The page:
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PEOPLE OF THE BOOK

Rich suspense based on a true-life literary puzzle, from the Pulitzer Prize–winning Brooks (March, 2005, etc.).

From 1480 Seville to 1996 Sarajevo, a priceless scripture is chased by fanatics political and religious. Its recovery makes for an enthralling historical mystery.

In Sydney, ace (and gorgeous) old-book conservator Hannah Heath gets a 2 a.m. phone call. She’s summoned to Sarajevo to check out a 15th-century Spanish-made Haggadah, a codex gone missing in Bosnia during a 1992 siege. The document is a curiosity, its lavish illuminations appearing to violate age-old religious injunctions against any kind of illustration. Remarkably, it’s Muslim museum librarian Ozren Karaman who rescued the Hebrew artifact from furious shelling. Questioning (and bedding) Ozren, Hannah examines the Haggadah binding and from clues embedded there—an insect’s wings, wine stains, white hair—reconstructs the book’s biography. And it’s an epic. Chapter by chapter, each almost an independent story, the chronicle unwinds—of the book’s changing hands from those of anti-Nazi partisans dreaming of departing for Palestine from war-torn Croatia, from schemers in 1894 Vienna, home, despite Freud and Mahler, of virulent anti-Semitism. Perhaps the best chapter takes place in 1609 Venice. There, not-so-grand Inquisitor Domenico Vistorini, a heretic hunter with a drinking problem, contends in theological disputation with brilliant rabbinical star Judah Aryeh. The two strike up an unlikely alliance to save the book, even while Vistorini at first blanches at its art—a beautiful depiction of the glowing sun, prophesying, the hysterical priest assumes, Galileo’s heliocentric blasphemy. Tracing those illustrations back to their origin point, Hannah unkinks a series of fascinating conundrums—and learns, even more fiercely, to prize the printed page.

Rich suspense based on a true-life literary puzzle, from the Pulitzer Prize–winning Brooks (March, 2005, etc.).

Pub Date: Jan. 1, 2008

ISBN: 978-0-670-01821-5

Page Count: 372

Publisher: Viking

Review Posted Online: May 19, 2010

Kirkus Reviews Issue: Nov. 1, 2007

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HOUSE OF LEAVES

The story's very ambiguity steadily feeds its mysteriousness and power, and Danielewski's mastery of postmodernist and...

An amazingly intricate and ambitious first novel - ten years in the making - that puts an engrossing new spin on the traditional haunted-house tale.

Texts within texts, preceded by intriguing introductory material and followed by 150 pages of appendices and related "documents" and photographs, tell the story of a mysterious old house in a Virginia suburb inhabited by esteemed photographer-filmmaker Will Navidson, his companion Karen Green (an ex-fashion model), and their young children Daisy and Chad.  The record of their experiences therein is preserved in Will's film The Davidson Record - which is the subject of an unpublished manuscript left behind by a (possibly insane) old man, Frank Zampano - which falls into the possession of Johnny Truant, a drifter who has survived an abusive childhood and the perverse possessiveness of his mad mother (who is institutionalized).  As Johnny reads Zampano's manuscript, he adds his own (autobiographical) annotations to the scholarly ones that already adorn and clutter the text (a trick perhaps influenced by David Foster Wallace's Infinite Jest) - and begins experiencing panic attacks and episodes of disorientation that echo with ominous precision the content of Davidson's film (their house's interior proves, "impossibly," to be larger than its exterior; previously unnoticed doors and corridors extend inward inexplicably, and swallow up or traumatize all who dare to "explore" their recesses).  Danielewski skillfully manipulates the reader's expectations and fears, employing ingeniously skewed typography, and throwing out hints that the house's apparent malevolence may be related to the history of the Jamestown colony, or to Davidson's Pulitzer Prize-winning photograph of a dying Vietnamese child stalked by a waiting vulture.  Or, as "some critics [have suggested,] the house's mutations reflect the psychology of anyone who enters it."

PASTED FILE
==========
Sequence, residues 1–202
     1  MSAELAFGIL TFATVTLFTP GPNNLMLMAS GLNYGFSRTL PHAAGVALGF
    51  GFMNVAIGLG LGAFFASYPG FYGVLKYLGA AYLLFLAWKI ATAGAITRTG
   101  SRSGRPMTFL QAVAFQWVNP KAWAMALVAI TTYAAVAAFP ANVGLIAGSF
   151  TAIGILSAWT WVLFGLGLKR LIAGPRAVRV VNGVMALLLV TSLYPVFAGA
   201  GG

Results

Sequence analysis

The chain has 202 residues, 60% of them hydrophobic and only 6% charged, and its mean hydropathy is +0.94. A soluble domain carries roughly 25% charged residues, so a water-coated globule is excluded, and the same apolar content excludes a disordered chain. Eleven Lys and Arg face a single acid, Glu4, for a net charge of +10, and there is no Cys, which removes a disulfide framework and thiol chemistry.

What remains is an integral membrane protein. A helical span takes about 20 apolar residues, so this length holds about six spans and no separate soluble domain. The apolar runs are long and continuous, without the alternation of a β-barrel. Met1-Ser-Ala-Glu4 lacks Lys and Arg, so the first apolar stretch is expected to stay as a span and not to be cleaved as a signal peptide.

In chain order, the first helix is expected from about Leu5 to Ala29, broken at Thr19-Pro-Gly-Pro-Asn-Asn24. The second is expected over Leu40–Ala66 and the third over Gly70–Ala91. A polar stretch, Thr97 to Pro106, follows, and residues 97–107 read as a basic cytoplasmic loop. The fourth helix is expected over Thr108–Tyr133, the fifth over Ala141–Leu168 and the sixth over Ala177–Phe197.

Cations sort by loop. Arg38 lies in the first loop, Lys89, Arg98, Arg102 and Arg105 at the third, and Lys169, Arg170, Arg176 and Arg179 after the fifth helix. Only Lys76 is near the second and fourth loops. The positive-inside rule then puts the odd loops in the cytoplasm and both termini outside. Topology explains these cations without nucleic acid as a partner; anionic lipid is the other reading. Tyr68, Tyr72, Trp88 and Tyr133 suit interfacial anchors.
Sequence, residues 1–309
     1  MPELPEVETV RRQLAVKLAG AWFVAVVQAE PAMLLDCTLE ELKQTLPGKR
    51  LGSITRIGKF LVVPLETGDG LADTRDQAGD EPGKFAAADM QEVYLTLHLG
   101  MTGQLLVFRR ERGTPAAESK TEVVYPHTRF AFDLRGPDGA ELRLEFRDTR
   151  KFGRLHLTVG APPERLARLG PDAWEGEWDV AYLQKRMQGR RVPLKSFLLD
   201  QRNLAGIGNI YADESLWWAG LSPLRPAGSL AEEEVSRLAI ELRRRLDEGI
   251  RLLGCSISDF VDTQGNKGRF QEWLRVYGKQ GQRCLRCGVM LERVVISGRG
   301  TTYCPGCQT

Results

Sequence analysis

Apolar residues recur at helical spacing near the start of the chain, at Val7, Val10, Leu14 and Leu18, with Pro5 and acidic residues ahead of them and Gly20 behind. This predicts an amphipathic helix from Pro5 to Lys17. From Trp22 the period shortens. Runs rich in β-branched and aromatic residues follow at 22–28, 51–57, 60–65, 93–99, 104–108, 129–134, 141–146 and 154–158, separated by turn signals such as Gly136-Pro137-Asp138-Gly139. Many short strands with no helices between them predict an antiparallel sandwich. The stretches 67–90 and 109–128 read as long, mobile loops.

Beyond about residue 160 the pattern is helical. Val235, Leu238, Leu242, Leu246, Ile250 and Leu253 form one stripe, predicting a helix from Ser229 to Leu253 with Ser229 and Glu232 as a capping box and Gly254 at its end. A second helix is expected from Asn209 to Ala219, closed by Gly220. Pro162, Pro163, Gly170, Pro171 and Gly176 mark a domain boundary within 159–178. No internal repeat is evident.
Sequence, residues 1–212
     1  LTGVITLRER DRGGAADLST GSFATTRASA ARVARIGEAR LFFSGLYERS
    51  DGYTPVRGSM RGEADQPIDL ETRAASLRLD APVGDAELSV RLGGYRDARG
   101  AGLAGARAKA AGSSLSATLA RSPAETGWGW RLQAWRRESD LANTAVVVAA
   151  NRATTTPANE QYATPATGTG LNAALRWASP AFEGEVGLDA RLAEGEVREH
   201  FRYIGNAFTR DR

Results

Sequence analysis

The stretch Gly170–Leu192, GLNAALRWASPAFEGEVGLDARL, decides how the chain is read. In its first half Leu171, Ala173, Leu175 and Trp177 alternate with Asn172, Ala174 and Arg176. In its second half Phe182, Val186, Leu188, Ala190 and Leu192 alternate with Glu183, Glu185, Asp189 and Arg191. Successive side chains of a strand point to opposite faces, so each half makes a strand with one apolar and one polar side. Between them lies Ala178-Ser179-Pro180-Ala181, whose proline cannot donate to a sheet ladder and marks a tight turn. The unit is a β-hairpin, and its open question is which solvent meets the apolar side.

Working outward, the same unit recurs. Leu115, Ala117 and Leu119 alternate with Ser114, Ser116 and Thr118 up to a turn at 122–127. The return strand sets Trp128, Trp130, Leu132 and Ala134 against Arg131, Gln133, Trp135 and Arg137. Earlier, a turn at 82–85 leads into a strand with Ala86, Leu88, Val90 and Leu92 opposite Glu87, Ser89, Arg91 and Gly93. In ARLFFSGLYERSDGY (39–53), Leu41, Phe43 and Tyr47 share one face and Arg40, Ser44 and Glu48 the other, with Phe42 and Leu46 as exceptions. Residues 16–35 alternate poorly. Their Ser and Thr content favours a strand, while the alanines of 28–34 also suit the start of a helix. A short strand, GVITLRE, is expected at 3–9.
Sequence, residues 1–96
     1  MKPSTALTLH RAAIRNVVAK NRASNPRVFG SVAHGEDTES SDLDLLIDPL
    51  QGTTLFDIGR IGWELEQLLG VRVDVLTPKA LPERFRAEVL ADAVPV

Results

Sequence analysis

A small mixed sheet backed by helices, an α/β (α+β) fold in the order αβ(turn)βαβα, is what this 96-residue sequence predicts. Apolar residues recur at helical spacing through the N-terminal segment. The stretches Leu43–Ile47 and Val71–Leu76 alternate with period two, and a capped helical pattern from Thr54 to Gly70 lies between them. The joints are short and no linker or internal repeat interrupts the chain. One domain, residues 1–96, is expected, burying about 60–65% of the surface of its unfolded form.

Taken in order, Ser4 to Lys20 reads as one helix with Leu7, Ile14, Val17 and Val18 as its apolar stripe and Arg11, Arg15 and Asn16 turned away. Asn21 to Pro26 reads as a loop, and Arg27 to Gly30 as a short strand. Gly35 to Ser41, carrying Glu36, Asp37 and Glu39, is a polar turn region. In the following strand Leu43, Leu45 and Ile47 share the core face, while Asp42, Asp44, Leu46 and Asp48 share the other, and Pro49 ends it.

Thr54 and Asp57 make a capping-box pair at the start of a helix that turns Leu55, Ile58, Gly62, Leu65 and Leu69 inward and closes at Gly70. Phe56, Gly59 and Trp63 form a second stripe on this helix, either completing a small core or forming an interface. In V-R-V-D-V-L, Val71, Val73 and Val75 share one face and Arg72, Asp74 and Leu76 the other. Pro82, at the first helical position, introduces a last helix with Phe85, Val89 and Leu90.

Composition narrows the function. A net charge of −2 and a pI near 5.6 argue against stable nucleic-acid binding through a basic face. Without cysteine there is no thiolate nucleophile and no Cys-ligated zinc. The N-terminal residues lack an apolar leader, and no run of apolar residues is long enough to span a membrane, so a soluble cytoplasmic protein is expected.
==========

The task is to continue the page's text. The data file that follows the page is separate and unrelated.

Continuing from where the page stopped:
The story's very ambiguity steadily feeds its mysteriousness and power, and Danielewski's mastery of postmodernist and cinema-derived rhetoric up the ante continuously, and stunningly.  One of the most impressive excursions into the supernatural in many a year.

Pub Date: March 6, 2000

ISBN: 0-375-70376-4

Page Count: 704

Publisher: Pantheon

Review Posted Online: May 19, 2010

Kirkus Reviews Issue: Feb. 1, 2000

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OF MICE AND MEN

Steinbeck is a genius and an original.

Steinbeck refuses to allow himself to be pigeonholed.

This is as completely different from Tortilla Flat and In Dubious Battle as they are from each other. Only in his complete understanding of the proletarian mentality does he sustain a connecting link though this is assuredly not a "proletarian novel." It is oddly absorbing this picture of the strange friendship between the strong man and the giant with the mind of a not-quite-bright child. Driven from job to job by the failure of the giant child to fit into the social pattern, they finally find in a ranch what they feel their chance to achieve a homely dream they have built. But once again, society defeats them. There's a simplicity, a directness, a poignancy in the story that gives it a singular power, difficult to define.  Steinbeck is a genius and an original.

Pub Date: Feb. 26, 1936

ISBN: 0140177396

Page Count: 83

Publisher: Covici, Friede

Review Posted Online: Oct. 5, 2011

Kirkus Reviews Issue: Feb. 1, 1936

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